I don’t know what I would like to do with the ashes. They are just in a plastic box now until I find the appropriate Star Wars container for them. I think he would like that. Star Wars brought us together, Star Wars ran through our lives. Deciding on the exact Star Wars container will be the hard part. It’s not like I’m going to put him in something with Jar Jar Binks on it.
I received the death certificate with the ashes, and I was too curious not to see what the cause of death was, even though of course it was all related to cirrhosis of the liver. There were four causes listed:
Multi-organ system failure
Cirrhosis due to alcohol abuse
None of this was a surprise to me. Adam had been fighting alcoholism … true alcohol dependence … for a long time. I read on the CDC website that only about 10% of excessive alcohol drinkers are actually dependent. Of course, the doctors and counselors all knew Adam was of that 10%. His brain had been rewired by the disease, he tried to stop and was successful multiple times, but kept going back even though he had been originally diagnosed with cirrhosis in 2011.
I tried everything … sort of a dumb cliche, because I finally had to learn his addiction wasn’t in my hands. Rationally, I know that, but it’s still hard to not want to play the blame game with myself: what more could I have done? I left him, gave him ultimatums, he went to rehab. Eventually I realized I would never desert him. I told him I would never leave him and would stay by his side forever as long as he kept fighting and trying. And he did.
When he died, he was 72 days sober. We were at the Anschutz Medical Campus, part of UC Health in Denver, for liver transplant evaluation. We were being evaluated despite not having the six month sobriety rule most transplant centers have. We were so lucky to have that opportunity; we were told it was because of the support system Adam had … and because our GI doctor believed in him, too. I was his biggest advocate. I knew his disease inside and out. Our motto was “Follow instructions; do what the doctors say.” Adam had decided he wanted to live. As a friend said, he was rewriting his story on sobriety. It just turned out to be too late.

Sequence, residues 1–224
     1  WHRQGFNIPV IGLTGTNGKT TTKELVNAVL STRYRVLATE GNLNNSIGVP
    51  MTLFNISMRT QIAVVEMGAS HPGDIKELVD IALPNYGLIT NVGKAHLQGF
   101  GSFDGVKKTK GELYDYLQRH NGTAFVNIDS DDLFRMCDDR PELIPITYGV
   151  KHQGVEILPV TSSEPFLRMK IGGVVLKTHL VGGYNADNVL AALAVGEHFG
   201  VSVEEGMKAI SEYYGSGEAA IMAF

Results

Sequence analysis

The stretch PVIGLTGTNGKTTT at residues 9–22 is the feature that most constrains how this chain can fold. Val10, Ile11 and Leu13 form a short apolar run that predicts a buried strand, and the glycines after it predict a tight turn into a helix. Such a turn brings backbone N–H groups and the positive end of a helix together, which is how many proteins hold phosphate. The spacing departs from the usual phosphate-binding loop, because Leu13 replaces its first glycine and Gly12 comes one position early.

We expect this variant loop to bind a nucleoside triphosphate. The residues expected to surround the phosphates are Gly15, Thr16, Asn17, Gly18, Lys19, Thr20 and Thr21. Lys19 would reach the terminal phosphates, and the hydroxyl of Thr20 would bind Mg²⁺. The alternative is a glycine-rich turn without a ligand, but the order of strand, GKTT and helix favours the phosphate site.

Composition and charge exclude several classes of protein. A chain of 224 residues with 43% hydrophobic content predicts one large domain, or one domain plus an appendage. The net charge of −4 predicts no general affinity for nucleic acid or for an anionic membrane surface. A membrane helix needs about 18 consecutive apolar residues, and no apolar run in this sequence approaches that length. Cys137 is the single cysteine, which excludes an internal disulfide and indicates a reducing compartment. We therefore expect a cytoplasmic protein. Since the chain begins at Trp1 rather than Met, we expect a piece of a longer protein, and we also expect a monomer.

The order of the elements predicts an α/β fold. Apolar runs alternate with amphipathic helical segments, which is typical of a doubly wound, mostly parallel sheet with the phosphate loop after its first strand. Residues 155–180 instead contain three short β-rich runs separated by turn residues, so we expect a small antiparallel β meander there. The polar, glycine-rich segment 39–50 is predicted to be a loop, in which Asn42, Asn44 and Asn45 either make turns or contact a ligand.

We were deferred from the transplant list of course, and we accepted that. They wanted to see just more counseling and see the commitment to sobriety. But on the day we were deferred, he took a turn for the worse and never left the hospital. I kissed him good night on Oct. 26. We were watching the World Series. We were going home on Thursday, counseling appointments set, ready for the next fight.
On Oct. 27, when we arrived at the hospital, we couldn’t wake him up. He was having an episode of hepatic encephalopathy. Hours later, they called a medical emergency as he was struggling to breathe and there was evidence of another variceal bleed. The MICU and liver doctors saved his life that night, and I am so grateful, even though I just had a week more with him.
He woke up long enough on Nov. 2-3 to talk with me and his family. We shared our love for each other. He was so glad to be off the respirator. I’m not sure he really understood he was dying, as his brain was never quite clear. I hope he didn’t. I told him we were making it and going home again. I have no regrets in that.
I remember these words from him: “We’re going to be O.K., honey.”
I lay in bed with him for hours, listening later as he talked nonsensically. I hardly left the room or ate for two days. I held him as he breathed his last at 10:42 p.m., his mom, dad, sister, my sister, his step-mom, step-brother, and 3-week old niece by his side.
Now I am alone. A widow. My future crushed. We had no kids, just our dog Bixby. We had no big plans in life; we just enjoyed each other, expected to grow old together. Now, I’m left wondering what my life is and will be.
I have wanted to die with him many times in the last week. But I’m an atheist. I know death will not bring us together; it just is an absence of pain. Adam knew the pain he was causing me, and I know he wants me to be free. I will love him forever, have a hole in my heart forever, but I am going to fight. Fight for happiness again.
I will not go quietly into the night. (I’m quoting Independence Day here, and Adam would love me for it. Mostly.)